Published: August 5th 2014 by Harper Perennial
Source: Local Library
Format: Adult, Nonfiction, Essays, Feminism
Synopsis: Pink is my favorite color. I used to say my favorite color was black to be cool, but it is pink—all shades of pink. If I have an accessory, it is probably pink. I read Vogue, and I’m not doing it ironically, though it might seem that way. I once live-tweeted the September issue.
In these funny and insightful essays, Roxane Gay takes us through the journey of her evolution as a woman of color while also taking readers on a ride through culture of the last few years and commenting on the state of feminism today. The portrait that emerges is not only one of an incredibly insightful woman continually growing to understand herself and our society, but also one of our culture.
Bad Feminist is a sharp, funny, and spot-on look at the ways in which the culture we consume becomes who we are, and an inspiring call-to-arms of all the ways we still need to do better.
Spoiler Free Review:
I feel like when most people look at the cover of this book, they might expect a misandrist piece of work about how men are trash and how women need to be put up on a pedestal and be recognized of their greatness and how they’ll soon takeover the planet, leaving men in the dust. How I wish that could be a reality. But I don’t think they actually took the time to really look at the title, Bad Feminist. What does Roxane Gay mean when she says bad? What Bad Feminist offers is a nuanced image of gender and what feminism means to her. Feminism means something different to each individual and it’s both a controversial and divided topic among people, feminist or otherwise. But what I think makes this piece of feminist lit different from the rest is in the title itself. It shows the many imperfections behind feminism and its true meaning.
Through a series of essays, Gay brings up a variety of issues while bringing her personal story in to it as well. She talks about her as a college professor, at a weight loss camp, her own experience with sexual assault. There’s analyses on other works of feminist literature and literal book reviews. Some essays were sardonic, while others were painful to read. In particular, there was mentions of trigger warnings and how it represents people wanting to hide underneath a safety blanket and not face whatever fear they’re hiding from. While I don’t necessarily agree with everything Gay was discussing, it was interesting to get a perspective on trigger warnings I hadn’t realized before. Trigger warnings are meant to protect those who may have traumatic experience(s) attached to the topic until they feel ready to confront it if they want to. While I do understand the importance of trigger warnings and I do condone them, it was intriguing to get another point of view.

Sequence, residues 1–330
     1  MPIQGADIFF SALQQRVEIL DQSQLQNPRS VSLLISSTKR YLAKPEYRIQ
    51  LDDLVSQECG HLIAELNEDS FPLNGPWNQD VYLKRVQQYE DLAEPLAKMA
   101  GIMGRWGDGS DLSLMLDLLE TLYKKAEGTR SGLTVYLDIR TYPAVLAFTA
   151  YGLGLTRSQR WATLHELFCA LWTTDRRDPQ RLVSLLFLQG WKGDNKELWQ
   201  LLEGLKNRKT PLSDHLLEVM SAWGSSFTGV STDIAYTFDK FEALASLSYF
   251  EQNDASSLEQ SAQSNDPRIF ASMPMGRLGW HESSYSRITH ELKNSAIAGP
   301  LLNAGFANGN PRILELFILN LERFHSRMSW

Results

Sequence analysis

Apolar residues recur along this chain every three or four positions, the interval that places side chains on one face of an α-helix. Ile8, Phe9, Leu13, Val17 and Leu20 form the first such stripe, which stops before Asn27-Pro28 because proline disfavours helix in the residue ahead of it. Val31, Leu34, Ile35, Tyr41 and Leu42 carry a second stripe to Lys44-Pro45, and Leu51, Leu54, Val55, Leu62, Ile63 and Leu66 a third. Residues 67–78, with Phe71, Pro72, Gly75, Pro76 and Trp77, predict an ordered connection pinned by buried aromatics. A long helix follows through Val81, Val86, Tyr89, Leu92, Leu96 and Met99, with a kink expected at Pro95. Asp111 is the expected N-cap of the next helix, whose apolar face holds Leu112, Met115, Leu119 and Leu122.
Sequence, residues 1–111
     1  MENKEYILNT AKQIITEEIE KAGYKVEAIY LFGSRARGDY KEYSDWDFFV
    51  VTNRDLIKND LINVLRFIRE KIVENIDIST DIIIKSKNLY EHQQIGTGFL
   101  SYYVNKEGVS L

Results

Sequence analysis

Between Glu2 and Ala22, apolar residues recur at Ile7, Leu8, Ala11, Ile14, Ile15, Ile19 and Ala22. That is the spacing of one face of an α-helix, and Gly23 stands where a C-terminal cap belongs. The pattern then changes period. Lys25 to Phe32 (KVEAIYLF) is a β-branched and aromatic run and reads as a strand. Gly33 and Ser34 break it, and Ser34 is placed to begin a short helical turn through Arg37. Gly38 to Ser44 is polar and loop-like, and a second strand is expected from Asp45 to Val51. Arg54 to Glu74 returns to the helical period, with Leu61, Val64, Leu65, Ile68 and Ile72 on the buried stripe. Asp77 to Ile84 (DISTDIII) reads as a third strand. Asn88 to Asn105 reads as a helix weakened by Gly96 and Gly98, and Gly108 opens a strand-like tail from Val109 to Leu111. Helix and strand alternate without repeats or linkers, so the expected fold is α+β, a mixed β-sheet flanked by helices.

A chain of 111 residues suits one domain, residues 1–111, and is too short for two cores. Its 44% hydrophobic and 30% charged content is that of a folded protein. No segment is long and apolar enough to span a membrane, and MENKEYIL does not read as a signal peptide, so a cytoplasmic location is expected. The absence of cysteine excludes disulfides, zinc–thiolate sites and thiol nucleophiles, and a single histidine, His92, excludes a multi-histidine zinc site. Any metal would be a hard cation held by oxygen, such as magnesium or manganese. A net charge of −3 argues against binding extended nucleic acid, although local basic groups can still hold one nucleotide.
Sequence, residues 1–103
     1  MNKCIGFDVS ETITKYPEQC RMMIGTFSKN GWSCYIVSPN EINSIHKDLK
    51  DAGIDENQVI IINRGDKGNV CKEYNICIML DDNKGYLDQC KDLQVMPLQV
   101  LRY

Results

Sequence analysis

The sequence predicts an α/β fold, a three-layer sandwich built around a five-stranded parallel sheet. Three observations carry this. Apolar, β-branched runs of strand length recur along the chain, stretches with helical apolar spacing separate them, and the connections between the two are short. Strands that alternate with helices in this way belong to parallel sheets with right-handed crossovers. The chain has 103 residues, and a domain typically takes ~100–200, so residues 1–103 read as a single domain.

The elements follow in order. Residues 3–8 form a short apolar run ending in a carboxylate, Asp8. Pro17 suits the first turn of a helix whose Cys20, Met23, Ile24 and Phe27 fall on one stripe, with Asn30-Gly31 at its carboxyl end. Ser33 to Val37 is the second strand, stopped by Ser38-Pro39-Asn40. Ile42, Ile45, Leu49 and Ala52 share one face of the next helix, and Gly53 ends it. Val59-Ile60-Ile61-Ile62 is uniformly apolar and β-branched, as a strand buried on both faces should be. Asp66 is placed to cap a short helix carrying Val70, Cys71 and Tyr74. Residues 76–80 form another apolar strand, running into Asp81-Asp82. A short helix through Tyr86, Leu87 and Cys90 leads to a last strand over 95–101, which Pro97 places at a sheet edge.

While reading these essays, some may seem completely unrelated to the main topic of feminism. However, feminism at it’s core is about equality and all of these deal with some form of inequality. In particular, I loved when Roxane Gay discussed how she was a bad feminist, her flaws and others flaws in feminism. How she doesn’t hate men and finds them quite interesting. How gender is much more gray than society realizes, just as gray as feminism itself. I think these are the kind of things I would love to see more of in feminism, the gray areas that no one seems to talk about.
To me, Bad Feminist is a staple in feminist literature because it represents what I love about feminist and what I’d love to see in feminism. Though I didn’t necessarily love every essay, it still definitely serves as learning material in exploring feminism, and even if you aren’t a feminist, I would still try reading it. Feminism isn’t the only thing explore in this book so I would recommend, feminist or otherwise. Trust me when I say Roxane Gay’s honest truth will not disappoint.